A one-to-one ministry of trained lay men and women offering confidential, Christ-centered care to people who are hurting.
At SRVUMC we see our Stephen Ministry care as an extension of Christ’s love and an expression of pastoral care. In addressing spiritual matters, Stephen ministers meet their care receivers where they are, helping them work through challenges without pressuring them or forcing faith upon them.
In our San Ramon Valley UMC vision statement, we identify ourselves as a community on a journey with God, mind, body and soul. Stephen Ministry brings us more fully in community with one another.
What Is Stephen Ministry?
Stephen Ministry is the one-to-one ministry of trained lay men and women who offer confidential, Christ-centered care to people who are hurting.
What Does a Stephen Minister Do?
Stephen Ministers make a time commitment. Stephen Ministers undergo fifty hours of training in active listening, confidentiality and other key skills. Twice monthly, these lay people meet for peer supervision and continuing education.
Stephen Ministers listen without judgment or pushing advice. Once commissioned, a Stephen minister provides care to one person at a time, meeting dependably face-to-face for about an hour per week. In each meeting, the Stephen Minister listens attentively to the person. As the relationship unfolds, the distinctively Christian nature of their time together may include prayer, sharing Scripture, or discussing some of the questions about God that might surface in trying times.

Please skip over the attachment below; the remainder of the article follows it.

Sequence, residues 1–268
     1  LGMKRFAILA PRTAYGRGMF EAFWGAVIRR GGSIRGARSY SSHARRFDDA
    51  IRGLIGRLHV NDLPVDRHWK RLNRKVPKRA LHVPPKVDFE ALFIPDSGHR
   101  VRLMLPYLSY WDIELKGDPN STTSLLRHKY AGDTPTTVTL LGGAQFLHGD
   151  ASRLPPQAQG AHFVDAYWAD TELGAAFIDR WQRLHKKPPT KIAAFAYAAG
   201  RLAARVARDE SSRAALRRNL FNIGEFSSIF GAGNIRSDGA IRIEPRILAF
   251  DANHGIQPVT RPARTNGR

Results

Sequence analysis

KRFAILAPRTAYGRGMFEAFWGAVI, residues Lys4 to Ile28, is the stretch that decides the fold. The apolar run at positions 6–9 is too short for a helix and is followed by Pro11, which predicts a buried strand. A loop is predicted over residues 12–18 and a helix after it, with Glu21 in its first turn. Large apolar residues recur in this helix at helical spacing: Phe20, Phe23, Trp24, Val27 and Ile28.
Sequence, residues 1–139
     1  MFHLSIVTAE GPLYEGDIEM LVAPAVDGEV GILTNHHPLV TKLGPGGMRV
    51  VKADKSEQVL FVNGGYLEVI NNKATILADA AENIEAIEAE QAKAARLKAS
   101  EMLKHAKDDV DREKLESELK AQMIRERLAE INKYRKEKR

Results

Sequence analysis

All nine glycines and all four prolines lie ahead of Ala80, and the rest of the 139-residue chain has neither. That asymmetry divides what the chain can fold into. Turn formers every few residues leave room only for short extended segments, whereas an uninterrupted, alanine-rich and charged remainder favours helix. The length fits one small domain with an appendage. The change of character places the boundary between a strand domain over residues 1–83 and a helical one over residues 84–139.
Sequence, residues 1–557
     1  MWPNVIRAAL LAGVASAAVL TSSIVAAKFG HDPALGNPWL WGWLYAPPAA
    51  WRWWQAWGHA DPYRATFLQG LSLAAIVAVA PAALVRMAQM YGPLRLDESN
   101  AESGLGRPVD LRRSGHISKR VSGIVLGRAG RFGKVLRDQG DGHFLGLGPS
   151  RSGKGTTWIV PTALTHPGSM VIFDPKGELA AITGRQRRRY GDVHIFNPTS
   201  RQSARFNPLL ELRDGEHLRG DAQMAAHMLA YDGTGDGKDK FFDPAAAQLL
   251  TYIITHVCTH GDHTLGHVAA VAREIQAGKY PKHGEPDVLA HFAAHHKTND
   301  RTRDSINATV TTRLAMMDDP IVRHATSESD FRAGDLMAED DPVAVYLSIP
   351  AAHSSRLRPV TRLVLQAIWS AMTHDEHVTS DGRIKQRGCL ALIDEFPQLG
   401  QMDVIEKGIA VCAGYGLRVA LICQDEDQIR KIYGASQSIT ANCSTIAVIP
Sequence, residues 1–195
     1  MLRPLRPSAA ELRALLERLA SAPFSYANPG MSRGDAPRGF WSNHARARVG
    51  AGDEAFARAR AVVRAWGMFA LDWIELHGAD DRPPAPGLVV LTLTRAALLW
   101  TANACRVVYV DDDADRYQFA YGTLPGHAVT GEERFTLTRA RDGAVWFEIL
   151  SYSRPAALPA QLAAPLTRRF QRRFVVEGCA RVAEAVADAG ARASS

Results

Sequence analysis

Stephen Ministers understand their limits: Christ is the “cure-giver”, and we are the “care-givers.” Significantly, a Stephen minister is not a counselor or therapist, a problem-solver, errand person or casual visitor.
Who Can Have a Stephen Minister?
People who receive care from Stephen ministers are not necessarily members of San Ramon Valley UMC or any church. When assigned a Stephen minister, they are struggling with some life crisis. A few challenges that draw people to seek Stephen Ministry include, but are not limited to
- Job loss
- Recent move
- Illness or the illness of a loved one
- Changes in mobility
When a person’s need exceeds a Stephen minister’s training, the Stephen Ministry team refers the person to an appropriate mental health professional or other community resource.
The Stephen minister assigned will match the person’s gender: men are matched with men, and women are matched with women. Watch videos from these men and women at the Stephen Ministries main website to learn how having a Stephen minister helped them.
More than 13,000 congregations have a Stephen Ministry across multiple denominations and internationally. According to the national Stephen Ministries website, more than one and a half million people have had a Stephen minister to listen and care for them.
We have more to tell you about Stephen Ministry in our FAQ. If you have specific questions, you can also email Al Banisch or Lisa Jancarik. You can also look at the national Stephen Ministry website, www.stephenministries.org, for more information.